The Christmas Carol - A Special Request

Book By: Shana Oshira
Play #: 1522
Pages: 28 pgs
Cast: Large, flexible cast for adults and children

It’s Christmas Eve and Jim and Nancy Marley, with their three kids, Tom, Belle, and Tony, have just returned from buying more presents at the mall. They agree that they’re too tired to go to church, so after a quick prayer, they head off to bed. But when young Tony makes a special request, Gabriel, the Angel of Christmas Past, appears. He starts the family on a special journey which is soon led by Mike, the Angel of Christmas Present, and then Archie, the Angel of Christmas Future. Needless to say, the family’s journey to Bethlehem that wonderful night changes them forever. This funny but tender story will lead your congregation to reflect on their own Christmas celebration and worship experience. There are many flexible speaking parts for adults and children, several which are small enough to be modified or removed if necessary. Carols can easily be added.

Performance time: 45-60 minutes depending on music.

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Productions

INFANT JESUS SCHOOL 2 Performance(s)
MERRIMACK, NH 11/30/2018
NOTRE DAME CATHOLIC ACADEMY 1 Performance(s)
RIDGEWOOD, NY 12/16/2015
FRANKLIN CHRISTIAN FELLOWSHIP 1 Performance(s)
FRANKLIN, IN 12/21/2014
NEW LIFE OUTREACH CHURCH 1 Performance(s)
FORT GAY, WV 12/13/2014
NEW HOPE BAPTIST CHURCH 1 Performance(s)
ATLANTA, TX 12/22/2013

Behind The Scenes

PLAYWRIGHT SHANA OSHIRO TALKS ABOUT HER PLAY

THE CHRISTMAS CAROL -- A SPECIAL REQUEST

 

Q: WHAT INSPIRED YOU TO WRITE THIS PLAY?

A: Last fall I was asked to help coordinate the children's Christmas Eve service, which had been a play in the past. They wanted to do something new, so I wrote this play while I was backstage during a run of The Sound of Music.

 

Q: WHAT'S YOUR FAVORITE PART OR LINE IN THE PLAY? WHY?

A: My favorite line/part in this play is when Mary offers the baby Jesus for Tony to hold, and after "Peace on the earth, good will to men from heaven’s all gracious king. The world in solemn stillness lay to hear the angels sing," is sung, Tom says "everything is quiet." Then there is just that simple, peaceful space where the family is truly in the presence of the Christ, worshiping Jesus in the quiet reverence and humility.

This is my favorite part because even as we worship in church, at Christmas we so often forget in the midst of the festivities, rituals, and traditions to simply have that space where we reflect on the baby Emmanuel--God with us all, for all of us to hold in our hearts always. It's a paradox, but the miraculous birth of Christ took place in the humblest, quietest of settings. We must remember to connect to this peaceful place so we can truly receive Him.

 

Q: TELL US ABOUT THE CHARACTERS.

A: The Marley family-- Nancy, Tom, Belle, Jim, and Tony-- are meant to represent a typical church-going family. Even though there are times when Belle and Jim seem like rude and obnoxious children, they're really just excited kids at Christmastime, even if perhaps with some of the attitude challenges that pre-teen children might show. Tom and Nancy believe in raising their family in a Christian home, but like many of us, have become disconnected from the depth of the relationship we are to have with God through Christ and the spiritual significance of the holiday. Tony is the youngest, and because he is only 5-6, he is still pure enough at heart that he has the simple desire to seek the Lord. It is certainly no accident that the family is named the "Marley's," alluding to the ghost that haunts Ebenezer Scrooge in Dicken's classic novella. Since the angels come to visit the family, the name Marley was given to them instead, representing the reminder that their encounter should place on the hearts of the audience.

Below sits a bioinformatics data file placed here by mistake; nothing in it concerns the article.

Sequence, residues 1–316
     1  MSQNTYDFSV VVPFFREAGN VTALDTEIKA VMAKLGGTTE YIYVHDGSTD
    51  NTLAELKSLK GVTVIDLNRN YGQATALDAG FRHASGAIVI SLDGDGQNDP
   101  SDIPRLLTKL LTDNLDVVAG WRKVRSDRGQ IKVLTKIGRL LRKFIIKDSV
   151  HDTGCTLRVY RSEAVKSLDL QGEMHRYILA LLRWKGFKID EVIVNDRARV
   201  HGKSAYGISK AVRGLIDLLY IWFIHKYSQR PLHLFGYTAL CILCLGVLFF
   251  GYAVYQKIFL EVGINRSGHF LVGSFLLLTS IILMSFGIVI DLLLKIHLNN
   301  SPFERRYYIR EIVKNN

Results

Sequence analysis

The Angels are each given special names-- Gabriel, of course is obvious. "Mike" would be a contemporized reference to Michael, and Archie refers to the arch angels of the Bible. They guide the Marley's through their journey to have a real Christmas at home, which is Tony's "Special Request." Many of the other characters-- the livestock, the star (Twink), and the shoppers-- add life and texture to the story as the Marley's go through their journey. Another key set of characters are the "Gallant" family, who are purposefully not given individual names, except for the old comic strip reference in the child's. This family is meant to represent all the people around us-- in the community, the country, and the world-- who go on with simple needs not being met because we are so accustomed to living in excess.

 

Q: WHAT DID YOU TRY TO ACHIEVE WITH THIS PLAY?

A: I hope to have created an experience that allows for lots of opportunity for participation-- especially for larger churches that have drama and ministries. Those who would like to participate extensively can work on the heavier parts, while those who want also to be included, but may not have the time to attend many rehearsals can also take part. The script also lends itself to easy amendments and there are many parts that can be combined into one. The most important thing is that for whoever participates, there is opportunity to learn from the story for young Christians as they work together to tell it. While there is an essence of "cuteness" to some parts of the story, I also hope that through the humor and fun, audience members of all ages would come away with a strong, but simple message: that Christ came to this earth to redeem all of mankind to unity with God in perfect Love. This love from and for Christ should be the first thing on our hearts and minds throughout the season to carry us through every day of the year.